The needed advantage that the manufacturer drew from the deployment is the ability to highly segment their network for either line of business or business partner access, without the reliance on characteristics of a specific transfer, such as an MPLS segment, and diversify last-mile.

The last one that we wanted to touch upon is the healthcare. The biggest trigger, or the most significant trigger for the healthcare provider was the ability to deploy a highly available and highly resilient network. Just to kind of ponder on that for second, when we are talking about high availability and high resiliency, we mostly define things in a matter of off-time. Is it three nines, is it five nines, and it’s really measuring the minutes that is acceptable for the network to be down.

If you think about a healthcare provider environment, such as operating rooms and surgery rooms, things of that nature, really talking about life-critical environments where the high availability and resilience of the environment takes a completely different shape. We are not measuring downtime in a matter of minutes, but we are literally measuring downtimes in lives that could be impacted if, during the surgery, there is a delay or inaccessibility to critical patient data, for example. Or, maybe collecting a reading for specific sort of function from a monitor.

Network characteristic as far as high availability and resiliency come in a very significant light when you’re talking about a critical healthcare provider system. In this case, but we were able to deliver to support those high availability and resilience environment in a life-critical environment, is to make sure that the system is highly resilient with no single point of failure in any single element of the system, and that extends from the device level, the circuit level, the path level, the entire fabric level, control plane redundancy, and really taking that no single point of failure approach to every single element across thousands of hospitals and clinics that that healthcare provider operates.

That’s definitely an extreme top of mind. At the same time, as I mentioned earlier, some types of traffic that are being sent across the network, it is not sufficient for just the network to be up all the time or to be able to quickly recover from brownout conditions, but it’s also very important to prioritize specific types of traffic that could be leveraged during a life critical situation where doctors are trying to access that information, and to make sure that that access is done in the most efficient and expedited way.

For that, we have to offer a pretty extensive set of quality service, prioritization mechanisms across the entire solution from a device level to circuit level to path level to an entire fabric level to make sure that that traffic of interest, the one that is used in those life-critical environments, is always given the most preferential treatment and make sure that that healthcare provider enjoys the benefits of that.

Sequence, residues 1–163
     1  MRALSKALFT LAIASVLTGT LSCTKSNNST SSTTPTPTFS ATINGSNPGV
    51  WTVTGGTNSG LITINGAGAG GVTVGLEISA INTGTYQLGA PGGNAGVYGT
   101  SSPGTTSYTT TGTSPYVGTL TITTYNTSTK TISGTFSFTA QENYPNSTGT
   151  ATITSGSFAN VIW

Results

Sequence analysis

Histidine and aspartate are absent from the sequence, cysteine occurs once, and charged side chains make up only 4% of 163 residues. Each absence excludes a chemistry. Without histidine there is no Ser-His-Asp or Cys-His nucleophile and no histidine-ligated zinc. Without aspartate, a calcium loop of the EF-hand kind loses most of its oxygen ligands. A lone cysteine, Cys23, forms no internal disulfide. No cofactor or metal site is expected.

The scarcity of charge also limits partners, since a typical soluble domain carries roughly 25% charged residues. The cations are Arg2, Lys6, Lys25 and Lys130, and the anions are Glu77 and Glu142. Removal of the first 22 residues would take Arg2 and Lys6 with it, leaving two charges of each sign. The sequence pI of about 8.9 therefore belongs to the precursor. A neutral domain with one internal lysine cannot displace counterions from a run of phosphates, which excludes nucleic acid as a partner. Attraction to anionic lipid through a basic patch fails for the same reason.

As you can see, we kind of talked about the three different case studies or mini case studies. In this short webinar, of course, we’re short on time so we can’t just dive into all the intricacies of that. You’re more than welcome to reach out to us and to get more details, but as you can see, and as Lloyd has mentioned in the beginning, it’s a different environment with different requirements and a different approach that was taken for each one of them. That’s really the power of diversity and to be able to accommodate those environments which made Viptela a natural choice for those organizations.

Lloyd: Thank you, David. If I were to bring David’s examples together in one picture, this would be that picture, where it really talks about the entire area of focus of SD-WAN, the set of challenges that SD-WAN is tackling right now. Whether that’s something related to adding cost-effective bandwidth, whether it’s related to security either in terms of encryption, authentication, segmentation and the like, or if it’s related to cloud-readiness. Or, simply dropping operation complexity, right?

To give you an example, one of the retailers that have deployed our solutions was able to do a 1,000-device upgrade in an overnight operation. A software upgrade on 1,000 devices. Now, comparing it from the previous mode of operation, where it would take easily three to four months to implement something similar, we were able to do it in an overnight fashion without any outages. Now, those are the kind of value propositions we have seen across SD-WAN. Those are the kind of reasons why the customer is approaching us for this kind of solution. What we didn’t covered today was something that was very obvious, but we didn’t find time to cover, and that is how do we maintain the current set of priorities when we make that transition.

For example, when you look at a bank, we only cover the fact of how are we going to roll out this new video application? Of course, [cable stasis], how do we maintain the criticality of all the existing applications? How do we interface with the existing routers, with the existing MPLS or traditional deployments as we are making the migration? After the migration, what kind of policies ensure that the critical applications are up and running in a manner that is either equal to or better than it was before? That is, without solving that piece of the problem, we do not have a conversation to begin with.